A huge number of baby boomers have created or continued successful family-owned farms. As they approach retirement the future of those farms hinges on their ability to successfully transition to a next generation. Less than 30 percent of family farms successfully transfer to a subsequent generation.

A clear succession plan is the most important ingredient for successfully continuing a family farm. But when surveyed most farm owners report not having completed any estate planning beyond a will.

Succession planning can easily be pushed aside by farmers focused on day-to-day operations. But an even bigger issue for procrastinating may be emotional issues associated with succession. Making succession decisions is rarely easy. But exploring what is needed and starting early are good things to do. Following simple steps can start farmers on the path of establishing a farm-succession plan.

Organize a team. Involve experts. Key business and estate-planning professionals such as attorneys and accountants can provide knowledge needed to create a successful plan.

Consider incorporation. Converting to a corporation, Limited Liability Company or other formal legal entity can help ensure continuation of a business and also provide limited liability for its owners.

Train successors well. It can take months or years to train successors about farm operations, especially making management decisions. Start early to give them the best opportunity to step into a managerial role.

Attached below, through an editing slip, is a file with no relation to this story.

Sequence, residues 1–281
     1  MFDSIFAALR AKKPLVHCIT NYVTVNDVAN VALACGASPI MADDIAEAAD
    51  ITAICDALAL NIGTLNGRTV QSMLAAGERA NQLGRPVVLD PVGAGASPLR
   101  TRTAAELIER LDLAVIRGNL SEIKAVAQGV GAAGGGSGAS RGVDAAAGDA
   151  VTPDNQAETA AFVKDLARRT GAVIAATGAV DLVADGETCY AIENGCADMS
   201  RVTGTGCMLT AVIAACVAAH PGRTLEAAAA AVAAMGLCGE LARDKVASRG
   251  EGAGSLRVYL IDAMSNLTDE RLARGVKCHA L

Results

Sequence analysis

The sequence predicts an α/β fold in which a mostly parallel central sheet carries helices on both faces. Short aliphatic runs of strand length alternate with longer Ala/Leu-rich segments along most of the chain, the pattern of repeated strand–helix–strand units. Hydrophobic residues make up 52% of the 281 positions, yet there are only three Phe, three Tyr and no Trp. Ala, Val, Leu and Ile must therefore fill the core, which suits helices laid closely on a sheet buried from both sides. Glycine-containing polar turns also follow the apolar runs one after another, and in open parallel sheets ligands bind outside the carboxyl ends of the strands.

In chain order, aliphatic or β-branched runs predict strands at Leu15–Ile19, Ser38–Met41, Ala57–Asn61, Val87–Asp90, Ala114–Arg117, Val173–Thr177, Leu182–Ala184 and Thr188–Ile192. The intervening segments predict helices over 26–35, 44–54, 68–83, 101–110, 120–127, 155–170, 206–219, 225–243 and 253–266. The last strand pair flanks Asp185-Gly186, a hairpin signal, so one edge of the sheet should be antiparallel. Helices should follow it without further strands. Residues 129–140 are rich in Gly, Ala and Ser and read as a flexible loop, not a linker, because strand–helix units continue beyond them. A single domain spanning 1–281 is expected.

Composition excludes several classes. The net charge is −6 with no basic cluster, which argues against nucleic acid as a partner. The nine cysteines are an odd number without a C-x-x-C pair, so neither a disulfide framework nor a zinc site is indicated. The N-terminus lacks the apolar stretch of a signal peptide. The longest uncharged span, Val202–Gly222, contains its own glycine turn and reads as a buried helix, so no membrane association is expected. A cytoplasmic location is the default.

Document a vision. A step-by-step guide detailing a plan for the future of the farm — including successors — will help future generations understand future goals for the farm set by current owners.

Develop a buy-sell or stock-restriction agreement. Following a triggering event such as an owner’s death or disability, an agreement can obligate one owner to buy and another to sell his or her interest in the farm. It can also be structured to control how ownership interests may be transferred to non-family or off-farm family members.

Have an insurance plan. While a buy-sell agreement can help keep the farm in the family, it may be necessary to obtain insurance in order to fulfill obligations in the agreement. Life insurance can provide needed liquidity when a triggering event such as death brings about sale of an ownership interest.

Discuss plans with all individuals involved. Eliminate surprises by telling family members and the farm’s management team a general outline of the succession plan. Sharing a vision for the farm can help ensure a smooth transition for everyone involved. Also share who has been chosen to take over the farm – and why.

Review and update a plan periodically. Once a plan is in place review it periodically with a team of estate-planning professionals to address changes that may be needed. Changes in laws or tax code may require adjustments to a plan. Changes in personal life and family situation also require a plan update.

The most difficult aspects of succession planning relate to emotional and family issues surrounding transition. But they must be tackled. A well-thought farm-succession plan will protect the farm and secure a legacy. And it can eliminate potential conflict and ensure family cohesiveness for the long run.

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With roots in central and west-central Wisconsin, the law firm of Ruder Ware provides services tailored to the agricultural industry. For nearly 100 years, its attorneys have counseled farmers and other agribusinesses on succession planning, business issues, employment law and litigation. Visit www.ruderware.com or call 800-477-8050 for more information.